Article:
Quantcast

OpEd: Vote Yes! For Electric School Buses! Vote Yes! For Student Health!

electric school buses
Getty Images

Our students’ health is negatively affected depending on the community they live in and the school they attend.

On Long Island, we all are familiar with the ways some of our communities have historically and continue to be redlined into areas that are oversaturated with polluting infrastructures such as landfills, power plants, waste transfer stations, and incinerators, creating what the New York State Department of Conservation (NYSDEC) calls Potential Environmental Justice Areas (PEJA).

Our communities like Wyandanch, North Bellport, Central Islip, Mastics and Brentwood have the highest Emergency Room visits for asthma in Suffolk County. Our communities like Freeport are seeing our children’s right to green space being trampled on, though the community is fighting back!

Another way we can fight back is to vote Yes on Prop. 1 on this year’s ballot for the Clean Air, Clean Water and Green Jobs Environmental Bond Act, which will invest in electric school buses.

In accordance with the Climate Leadership and Community Protection Act (CLCPA) of 2019, which sets mandates to reduce emissions in New York State by 2050, the Climate Justice Working Group (CJWG) was created. The CJWG is a nine member group who were appointed to draft a Disadvantaged Communities criteria; this criteria will be used to ensure that at least 35-40% of all climate related funds are spent in communities identified as disadvantaged communities. The criteria factors in cumulative impacts of environmental and health burdens, as well as population characteristics.

Why electric school buses? Emissions from diesel and gas school buses create poor air quality that contributes to the climate crisis and also creates dangerous environmental health conditions for our children, especially our children living in disadvantaged communities. We must ensure that we ditch diesel, get off costly gas, and pass the Clean Air Clean Water and Green Jobs Environmental Bond act.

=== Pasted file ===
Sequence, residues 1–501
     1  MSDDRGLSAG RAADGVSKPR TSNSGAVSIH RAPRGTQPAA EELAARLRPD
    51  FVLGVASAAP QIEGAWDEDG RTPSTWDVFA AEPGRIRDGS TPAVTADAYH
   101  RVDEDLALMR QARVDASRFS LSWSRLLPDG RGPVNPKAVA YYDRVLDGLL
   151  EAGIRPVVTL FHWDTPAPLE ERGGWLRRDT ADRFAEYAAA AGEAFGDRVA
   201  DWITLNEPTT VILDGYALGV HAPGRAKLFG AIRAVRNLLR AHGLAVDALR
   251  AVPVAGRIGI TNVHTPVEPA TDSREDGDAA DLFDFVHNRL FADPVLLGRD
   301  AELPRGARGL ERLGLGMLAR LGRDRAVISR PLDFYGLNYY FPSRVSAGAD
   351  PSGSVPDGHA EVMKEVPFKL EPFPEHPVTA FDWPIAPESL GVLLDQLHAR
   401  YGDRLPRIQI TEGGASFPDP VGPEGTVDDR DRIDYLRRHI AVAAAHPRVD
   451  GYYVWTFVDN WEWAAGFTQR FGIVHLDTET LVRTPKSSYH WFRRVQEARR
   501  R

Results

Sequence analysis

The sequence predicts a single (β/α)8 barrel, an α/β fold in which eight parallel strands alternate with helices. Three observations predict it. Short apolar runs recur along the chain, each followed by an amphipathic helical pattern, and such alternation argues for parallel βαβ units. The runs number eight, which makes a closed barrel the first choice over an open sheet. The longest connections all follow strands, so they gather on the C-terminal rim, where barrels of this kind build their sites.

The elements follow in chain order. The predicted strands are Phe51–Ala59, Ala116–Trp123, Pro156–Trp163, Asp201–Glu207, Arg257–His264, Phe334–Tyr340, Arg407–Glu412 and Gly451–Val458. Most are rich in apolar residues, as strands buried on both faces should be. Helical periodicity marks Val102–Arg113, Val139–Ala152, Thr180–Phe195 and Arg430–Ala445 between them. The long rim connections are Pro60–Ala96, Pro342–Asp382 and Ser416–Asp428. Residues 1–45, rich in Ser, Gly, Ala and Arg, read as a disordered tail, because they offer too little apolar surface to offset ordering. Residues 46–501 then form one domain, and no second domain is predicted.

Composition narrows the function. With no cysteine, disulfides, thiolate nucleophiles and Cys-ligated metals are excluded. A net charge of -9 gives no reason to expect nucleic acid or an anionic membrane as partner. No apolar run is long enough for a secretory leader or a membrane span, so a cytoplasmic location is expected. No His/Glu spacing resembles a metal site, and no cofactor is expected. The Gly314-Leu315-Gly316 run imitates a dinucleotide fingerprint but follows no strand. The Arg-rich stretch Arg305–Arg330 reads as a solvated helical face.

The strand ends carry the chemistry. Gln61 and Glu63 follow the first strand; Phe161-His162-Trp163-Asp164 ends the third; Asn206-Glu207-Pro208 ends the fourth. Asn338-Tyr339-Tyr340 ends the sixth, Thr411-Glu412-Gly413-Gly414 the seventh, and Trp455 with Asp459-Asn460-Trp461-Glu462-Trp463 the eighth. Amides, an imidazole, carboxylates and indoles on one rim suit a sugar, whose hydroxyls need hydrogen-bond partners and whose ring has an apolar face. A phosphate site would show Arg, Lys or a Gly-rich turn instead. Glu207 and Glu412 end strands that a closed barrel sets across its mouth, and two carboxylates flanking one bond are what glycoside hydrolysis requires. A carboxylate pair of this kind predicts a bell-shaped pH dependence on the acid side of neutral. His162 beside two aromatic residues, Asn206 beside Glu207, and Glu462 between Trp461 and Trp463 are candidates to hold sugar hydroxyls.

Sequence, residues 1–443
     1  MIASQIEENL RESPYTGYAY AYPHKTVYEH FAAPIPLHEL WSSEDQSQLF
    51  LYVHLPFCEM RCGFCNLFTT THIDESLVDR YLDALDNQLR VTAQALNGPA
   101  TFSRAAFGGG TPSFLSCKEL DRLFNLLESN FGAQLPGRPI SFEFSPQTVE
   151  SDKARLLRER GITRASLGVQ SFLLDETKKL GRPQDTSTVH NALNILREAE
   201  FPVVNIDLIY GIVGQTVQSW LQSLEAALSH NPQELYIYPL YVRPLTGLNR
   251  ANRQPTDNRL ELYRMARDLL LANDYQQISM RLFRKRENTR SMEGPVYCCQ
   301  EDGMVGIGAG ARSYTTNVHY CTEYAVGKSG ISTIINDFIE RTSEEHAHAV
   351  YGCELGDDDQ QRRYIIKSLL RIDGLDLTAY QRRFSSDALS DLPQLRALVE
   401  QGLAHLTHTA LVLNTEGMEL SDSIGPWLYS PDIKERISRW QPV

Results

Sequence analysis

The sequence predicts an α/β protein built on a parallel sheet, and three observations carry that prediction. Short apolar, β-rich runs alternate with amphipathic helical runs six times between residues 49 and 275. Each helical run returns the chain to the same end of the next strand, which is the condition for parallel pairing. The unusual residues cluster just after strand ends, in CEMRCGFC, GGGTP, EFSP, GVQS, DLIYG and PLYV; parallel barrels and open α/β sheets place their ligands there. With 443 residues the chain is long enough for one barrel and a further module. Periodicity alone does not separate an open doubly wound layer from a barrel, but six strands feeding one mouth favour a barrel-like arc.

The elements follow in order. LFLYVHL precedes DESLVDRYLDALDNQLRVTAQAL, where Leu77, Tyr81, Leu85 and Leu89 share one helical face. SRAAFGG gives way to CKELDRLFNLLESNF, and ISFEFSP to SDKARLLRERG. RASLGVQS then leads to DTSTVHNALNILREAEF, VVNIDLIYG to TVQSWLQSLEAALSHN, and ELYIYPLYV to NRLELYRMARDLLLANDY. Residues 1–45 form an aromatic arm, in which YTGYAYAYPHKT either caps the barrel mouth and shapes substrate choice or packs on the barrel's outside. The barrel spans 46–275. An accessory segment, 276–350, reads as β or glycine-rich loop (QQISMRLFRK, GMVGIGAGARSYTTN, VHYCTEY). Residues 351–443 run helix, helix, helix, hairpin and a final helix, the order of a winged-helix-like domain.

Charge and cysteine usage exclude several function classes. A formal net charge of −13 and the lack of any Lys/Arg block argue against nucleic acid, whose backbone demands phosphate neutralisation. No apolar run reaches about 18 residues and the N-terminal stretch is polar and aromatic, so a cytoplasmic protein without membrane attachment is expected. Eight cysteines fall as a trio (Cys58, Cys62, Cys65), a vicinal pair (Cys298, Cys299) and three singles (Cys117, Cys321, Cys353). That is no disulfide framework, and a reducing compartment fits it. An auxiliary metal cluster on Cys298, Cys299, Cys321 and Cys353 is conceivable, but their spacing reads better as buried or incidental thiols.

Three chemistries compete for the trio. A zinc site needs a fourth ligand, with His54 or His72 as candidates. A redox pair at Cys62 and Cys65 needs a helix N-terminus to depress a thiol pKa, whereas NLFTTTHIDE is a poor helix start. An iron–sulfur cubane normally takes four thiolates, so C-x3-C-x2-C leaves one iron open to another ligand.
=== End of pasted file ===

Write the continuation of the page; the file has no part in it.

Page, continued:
The CLCPA provides the emission reduction mandates, and the CJWG provides the guidance on which communities need to be prioritized. The Clean Air, Clean Water and Green Jobs Environmental Bond Act seeks to fund our communities on the frontlines of the climate and public health crisis. Just like the CLCPA mandate, the Clean Air, Clean Water and Green Jobs Environmental Bond Act requires 35-40% of the benefits of new school bus investments go to disadvantaged communities facing cumulative environmental impacts.

Voting Yes to the Clean Air, Clean Water and Green Jobs Environmental Bond Act provides the opportunity for us to have the funding to replace 45,000 diesel and gas school buses in New York State with clean modern all-electric school buses for our students. Our current school buses break down and have old engines that cost us time and money. The state of our school buses not only contribute to emissions that create poor air quality, but to noise pollution as well. Our students deserve a clean, safe, and reliable bus ride to and from school.

When we vote for our students we are also voting for the many bus operators and staff who are also overexposed to harmful fumes from the diesel and gas school buses.

The time is now to vote Yes to invest $500 million into our students and for student health! This funding will be used to purchase electric buses and chargers, and to ensure people who work for the bus companies have access to training on electric fleet maintenance.

Long Island is on the frontlines of the climate crisis with our shore line under threat of rising seas. Long Islanders can make a great impact this election cycle to reduce that threat when we vote for electric school buses.

On Long Island we have 127 school districts. Vote Yes for the Clean Air, Clean Water Environmental Bond Act to ensure that we prioritize our students, our kids, our communities and our workers in the bus industry who are fighting the hardest to breathe clean fresh air.

Monique Fitzgerald is a climate justice organizer with the Long Island Progressive Coalition.

More from our Sister Sites